For the sixth time in the last nine quarters, Google reported revenues and earnings that were less than expected by Wall Street analysts.
But investors themselves appeared largely unperturbed by the trend, pushing the company's stock prices up by more than 3.5 percent following the company's latest earnings report on April 23.
For the first quarter ended March 31, 2015, Google reported net earnings of $3.6 billion on revenues of $17.3 billion, compared with the profits of $3.5 billion it earned on revenues of $15.4 billion during the same period last year.
The latest figures represented a 12 percent revenue growth year over year and a 3.8 percent increase in profits between Google's first-quarter earnings in 2014 and this year.
Even so, Google's revenues were short of the $17.5 billion that analysts had estimated the company would make in the first quarter, while its earnings per share of $6.57 was short by 3 cents of the $6.60 that Wall Street had expected it to make.
In a statement announcing the results, Google CFO Patrick Pichette noted that the company's first-quarter revenue would have been stronger had it not been for a strong dollar. "Excluding the net impact of foreign currency headwinds, revenue grew a healthy 17% year on year," Pichette said. "We continue to see great momentum in our mobile advertising business and opportunities with brand advertisers."
Once again, revenues from Google's core search engine-driven ad business contributed nearly 90 percent, or about $15.5 billion, of the company's total revenue. Aggregate paid clicks increased 13 percent year over year, while the number of paid clicks on Google Websites increased 25 percent.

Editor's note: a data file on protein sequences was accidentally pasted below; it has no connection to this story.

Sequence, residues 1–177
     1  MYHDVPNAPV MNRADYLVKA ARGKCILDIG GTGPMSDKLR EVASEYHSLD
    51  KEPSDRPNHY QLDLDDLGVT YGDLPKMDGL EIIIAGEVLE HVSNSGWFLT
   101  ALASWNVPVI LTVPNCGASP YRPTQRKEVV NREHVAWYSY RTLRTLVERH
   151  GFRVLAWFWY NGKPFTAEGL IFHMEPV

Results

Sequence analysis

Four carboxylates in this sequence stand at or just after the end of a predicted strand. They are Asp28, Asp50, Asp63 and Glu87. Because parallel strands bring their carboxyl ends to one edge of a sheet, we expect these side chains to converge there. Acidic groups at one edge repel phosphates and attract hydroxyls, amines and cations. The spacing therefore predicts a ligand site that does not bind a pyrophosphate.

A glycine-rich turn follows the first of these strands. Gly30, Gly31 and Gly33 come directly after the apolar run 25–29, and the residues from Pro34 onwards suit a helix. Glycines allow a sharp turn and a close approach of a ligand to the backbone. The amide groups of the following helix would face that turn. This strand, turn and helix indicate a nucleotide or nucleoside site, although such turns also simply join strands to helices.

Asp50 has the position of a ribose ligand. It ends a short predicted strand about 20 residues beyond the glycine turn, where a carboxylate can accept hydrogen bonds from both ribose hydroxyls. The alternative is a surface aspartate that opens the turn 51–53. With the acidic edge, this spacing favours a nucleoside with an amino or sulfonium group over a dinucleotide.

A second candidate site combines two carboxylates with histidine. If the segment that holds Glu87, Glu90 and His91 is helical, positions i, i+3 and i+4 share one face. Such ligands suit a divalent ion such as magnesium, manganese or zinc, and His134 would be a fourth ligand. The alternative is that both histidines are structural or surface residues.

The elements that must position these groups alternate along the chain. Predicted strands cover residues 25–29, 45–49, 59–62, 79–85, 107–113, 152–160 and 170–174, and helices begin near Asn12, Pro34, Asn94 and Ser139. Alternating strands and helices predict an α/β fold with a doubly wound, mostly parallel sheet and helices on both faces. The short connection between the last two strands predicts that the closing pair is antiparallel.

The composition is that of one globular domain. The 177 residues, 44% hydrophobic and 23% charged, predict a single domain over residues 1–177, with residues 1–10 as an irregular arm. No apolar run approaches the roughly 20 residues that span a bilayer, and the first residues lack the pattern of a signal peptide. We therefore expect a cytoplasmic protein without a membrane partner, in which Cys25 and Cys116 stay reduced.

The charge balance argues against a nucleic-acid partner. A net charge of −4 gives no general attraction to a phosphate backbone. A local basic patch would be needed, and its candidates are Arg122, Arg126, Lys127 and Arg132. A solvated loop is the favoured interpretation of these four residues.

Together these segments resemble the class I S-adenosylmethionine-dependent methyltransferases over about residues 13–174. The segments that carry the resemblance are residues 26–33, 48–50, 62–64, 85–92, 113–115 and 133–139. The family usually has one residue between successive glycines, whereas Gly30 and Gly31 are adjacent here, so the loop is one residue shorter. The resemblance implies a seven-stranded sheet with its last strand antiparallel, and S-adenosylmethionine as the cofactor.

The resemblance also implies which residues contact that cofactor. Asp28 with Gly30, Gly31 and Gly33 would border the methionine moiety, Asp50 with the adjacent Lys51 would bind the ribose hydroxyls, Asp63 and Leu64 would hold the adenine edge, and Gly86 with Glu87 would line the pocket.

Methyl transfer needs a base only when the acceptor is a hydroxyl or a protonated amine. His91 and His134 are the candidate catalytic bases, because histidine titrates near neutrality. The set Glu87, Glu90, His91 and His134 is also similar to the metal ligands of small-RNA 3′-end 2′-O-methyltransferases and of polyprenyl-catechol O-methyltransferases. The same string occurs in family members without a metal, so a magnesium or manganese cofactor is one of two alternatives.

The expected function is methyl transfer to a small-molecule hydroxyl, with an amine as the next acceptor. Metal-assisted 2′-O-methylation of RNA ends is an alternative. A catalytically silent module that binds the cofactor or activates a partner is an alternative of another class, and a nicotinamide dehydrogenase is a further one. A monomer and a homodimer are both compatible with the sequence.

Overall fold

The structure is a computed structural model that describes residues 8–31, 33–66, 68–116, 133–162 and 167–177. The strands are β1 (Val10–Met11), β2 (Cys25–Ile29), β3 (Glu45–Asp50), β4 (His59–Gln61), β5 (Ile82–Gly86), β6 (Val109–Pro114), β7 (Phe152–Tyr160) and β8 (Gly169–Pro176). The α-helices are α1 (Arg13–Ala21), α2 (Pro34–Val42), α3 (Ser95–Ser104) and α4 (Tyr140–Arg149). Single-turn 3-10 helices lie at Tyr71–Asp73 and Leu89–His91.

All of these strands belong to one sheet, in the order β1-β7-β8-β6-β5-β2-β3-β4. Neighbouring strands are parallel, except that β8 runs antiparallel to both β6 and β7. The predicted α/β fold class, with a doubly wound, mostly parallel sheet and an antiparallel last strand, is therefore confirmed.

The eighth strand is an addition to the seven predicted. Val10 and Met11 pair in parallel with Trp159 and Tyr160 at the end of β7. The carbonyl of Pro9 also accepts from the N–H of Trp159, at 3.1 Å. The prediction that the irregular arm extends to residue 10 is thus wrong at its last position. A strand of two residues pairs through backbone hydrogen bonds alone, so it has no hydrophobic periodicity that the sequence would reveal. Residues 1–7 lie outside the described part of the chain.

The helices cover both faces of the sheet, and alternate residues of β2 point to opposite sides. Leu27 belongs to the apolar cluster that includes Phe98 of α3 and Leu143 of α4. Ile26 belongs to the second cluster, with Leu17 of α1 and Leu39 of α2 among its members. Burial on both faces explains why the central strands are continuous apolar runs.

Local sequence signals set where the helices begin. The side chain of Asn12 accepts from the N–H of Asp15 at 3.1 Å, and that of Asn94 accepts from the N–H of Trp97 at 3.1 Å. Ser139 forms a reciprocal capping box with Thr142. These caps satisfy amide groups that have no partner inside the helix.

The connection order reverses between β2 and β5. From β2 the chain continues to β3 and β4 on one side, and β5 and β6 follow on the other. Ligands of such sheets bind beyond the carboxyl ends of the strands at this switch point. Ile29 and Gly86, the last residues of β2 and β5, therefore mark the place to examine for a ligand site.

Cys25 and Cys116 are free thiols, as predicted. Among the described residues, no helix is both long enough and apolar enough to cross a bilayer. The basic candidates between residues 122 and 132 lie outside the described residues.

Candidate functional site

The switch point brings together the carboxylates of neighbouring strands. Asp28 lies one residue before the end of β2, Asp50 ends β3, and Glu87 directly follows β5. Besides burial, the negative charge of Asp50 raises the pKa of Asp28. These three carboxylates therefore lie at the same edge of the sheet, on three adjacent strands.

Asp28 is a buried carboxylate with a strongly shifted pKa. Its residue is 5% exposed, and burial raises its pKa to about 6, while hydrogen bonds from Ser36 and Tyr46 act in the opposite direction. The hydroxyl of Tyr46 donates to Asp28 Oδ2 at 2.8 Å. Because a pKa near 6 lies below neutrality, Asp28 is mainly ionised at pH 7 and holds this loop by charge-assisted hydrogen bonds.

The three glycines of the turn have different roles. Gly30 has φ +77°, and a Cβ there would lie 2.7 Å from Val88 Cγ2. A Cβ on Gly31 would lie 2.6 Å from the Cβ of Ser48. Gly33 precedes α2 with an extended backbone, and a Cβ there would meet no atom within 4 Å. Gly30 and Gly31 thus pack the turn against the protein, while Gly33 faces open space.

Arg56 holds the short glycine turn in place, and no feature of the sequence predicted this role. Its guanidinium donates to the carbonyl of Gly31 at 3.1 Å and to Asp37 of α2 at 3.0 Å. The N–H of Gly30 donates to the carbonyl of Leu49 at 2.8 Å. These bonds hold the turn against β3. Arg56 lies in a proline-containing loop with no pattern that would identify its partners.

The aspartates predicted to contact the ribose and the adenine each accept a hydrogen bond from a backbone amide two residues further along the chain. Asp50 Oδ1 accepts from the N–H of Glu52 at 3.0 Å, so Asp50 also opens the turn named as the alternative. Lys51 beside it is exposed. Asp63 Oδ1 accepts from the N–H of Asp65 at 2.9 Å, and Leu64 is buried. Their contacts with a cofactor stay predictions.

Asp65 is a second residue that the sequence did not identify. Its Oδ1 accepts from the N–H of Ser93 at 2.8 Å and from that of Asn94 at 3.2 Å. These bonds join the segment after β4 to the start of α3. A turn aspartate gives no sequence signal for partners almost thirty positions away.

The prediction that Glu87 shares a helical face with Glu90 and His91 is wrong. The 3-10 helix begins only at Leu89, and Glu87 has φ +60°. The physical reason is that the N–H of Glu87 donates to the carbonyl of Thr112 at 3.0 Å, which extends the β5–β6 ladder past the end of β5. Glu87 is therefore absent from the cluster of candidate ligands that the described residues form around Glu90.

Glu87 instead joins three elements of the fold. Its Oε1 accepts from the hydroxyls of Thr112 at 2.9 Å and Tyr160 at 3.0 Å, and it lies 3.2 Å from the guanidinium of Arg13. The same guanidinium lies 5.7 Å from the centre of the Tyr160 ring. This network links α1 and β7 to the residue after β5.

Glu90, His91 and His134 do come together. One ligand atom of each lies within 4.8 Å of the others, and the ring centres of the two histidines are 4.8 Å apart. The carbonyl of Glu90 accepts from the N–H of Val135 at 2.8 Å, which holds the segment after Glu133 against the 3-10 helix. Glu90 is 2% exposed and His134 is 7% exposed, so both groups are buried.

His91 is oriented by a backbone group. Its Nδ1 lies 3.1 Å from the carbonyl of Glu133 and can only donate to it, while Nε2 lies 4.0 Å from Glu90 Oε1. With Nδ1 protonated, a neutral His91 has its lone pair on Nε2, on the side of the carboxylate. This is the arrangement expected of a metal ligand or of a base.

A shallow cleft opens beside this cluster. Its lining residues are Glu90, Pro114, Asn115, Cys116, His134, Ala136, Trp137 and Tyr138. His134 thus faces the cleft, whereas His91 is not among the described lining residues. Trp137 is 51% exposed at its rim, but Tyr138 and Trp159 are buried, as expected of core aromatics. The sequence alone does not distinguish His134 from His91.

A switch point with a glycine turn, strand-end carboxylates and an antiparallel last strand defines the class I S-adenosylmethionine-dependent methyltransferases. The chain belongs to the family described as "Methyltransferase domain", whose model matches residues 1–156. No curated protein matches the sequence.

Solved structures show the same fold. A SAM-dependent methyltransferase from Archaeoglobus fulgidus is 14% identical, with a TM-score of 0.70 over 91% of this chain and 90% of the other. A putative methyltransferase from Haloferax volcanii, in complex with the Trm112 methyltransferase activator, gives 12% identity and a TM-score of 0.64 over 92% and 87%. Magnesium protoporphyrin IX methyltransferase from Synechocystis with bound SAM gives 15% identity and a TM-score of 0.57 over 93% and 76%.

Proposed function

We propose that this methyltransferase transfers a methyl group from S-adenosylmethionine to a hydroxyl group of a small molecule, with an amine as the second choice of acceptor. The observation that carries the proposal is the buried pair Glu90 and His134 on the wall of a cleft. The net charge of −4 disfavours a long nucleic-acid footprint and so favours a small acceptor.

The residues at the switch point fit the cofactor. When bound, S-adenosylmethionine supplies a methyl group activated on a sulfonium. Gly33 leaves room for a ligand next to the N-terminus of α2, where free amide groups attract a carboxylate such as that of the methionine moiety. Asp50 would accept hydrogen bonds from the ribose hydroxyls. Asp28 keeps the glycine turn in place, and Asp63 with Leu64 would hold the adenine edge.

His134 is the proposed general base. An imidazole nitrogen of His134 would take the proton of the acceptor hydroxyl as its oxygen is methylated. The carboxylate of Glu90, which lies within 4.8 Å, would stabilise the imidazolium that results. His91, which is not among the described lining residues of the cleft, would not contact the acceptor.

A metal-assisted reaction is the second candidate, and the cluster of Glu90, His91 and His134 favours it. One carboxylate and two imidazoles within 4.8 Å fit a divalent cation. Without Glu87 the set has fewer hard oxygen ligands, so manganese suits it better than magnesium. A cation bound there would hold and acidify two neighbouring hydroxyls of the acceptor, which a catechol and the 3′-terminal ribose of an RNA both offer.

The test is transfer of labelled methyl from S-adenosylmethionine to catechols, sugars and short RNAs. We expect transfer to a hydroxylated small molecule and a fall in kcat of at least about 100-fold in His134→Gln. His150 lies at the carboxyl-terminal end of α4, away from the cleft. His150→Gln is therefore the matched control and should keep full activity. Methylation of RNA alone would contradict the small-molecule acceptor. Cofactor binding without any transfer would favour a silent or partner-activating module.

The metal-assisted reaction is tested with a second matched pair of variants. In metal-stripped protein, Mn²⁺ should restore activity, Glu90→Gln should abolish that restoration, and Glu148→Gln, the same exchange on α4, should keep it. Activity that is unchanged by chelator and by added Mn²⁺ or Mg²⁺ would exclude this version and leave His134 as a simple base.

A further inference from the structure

The numbers reflect Google's dominating presence in the search market.
But in keeping with recent quarters, the amount of money that Google is actually making per paid click declined in the last quarter, while the cost to the company of acquiring those clicks increased. Cost-per-click fell 13 percent in the past 12 months while traffic acquisition costs, operating expenses and other costs of doing business increased from $3.2 billion to $3.3 billion.
Meanwhile, revenues from Google's myriad other activities, including its Android and cloud platforms, accounted for about $1.7 billion. While that represented only a tenth of Google's overall revenue, it was one of the fastest-growing areas of the business for Google, growing about 23 percent from the same quarter last year.
Google's results have come under increasing scrutiny in recent quarters from Wall Street analysts, who keep setting higher revenue and profit goals each quarter than the company has been able to meet. While the missed expectations have caused some financial analysts to wonder if the company's pace of growth may be slowing down, investors and trade industry analysts themselves remain bullish on Google.
"This is just Google," independent analyst Jeff Kagan said, referring to the challenges the company appears to be having in its core ad business. "This is the same problem Google has been dealing with for years and it continues, but it does not hurt the company."
Google is a different kind of company these days. Year after year, Google has entered into new industries and businesses that for the most part are not profitable. "They are great for us to talk about, and they are a great way for Google to play around with ideas and the future," Kagan said.
But as its core, Google remains a search engine-driven company, he said. "Things can get a bit confusing at Google as well with all these separate sectors they are playing in," Kagan said. "However, when everything is said and done, Google is Google and they continue to grow, at least for now."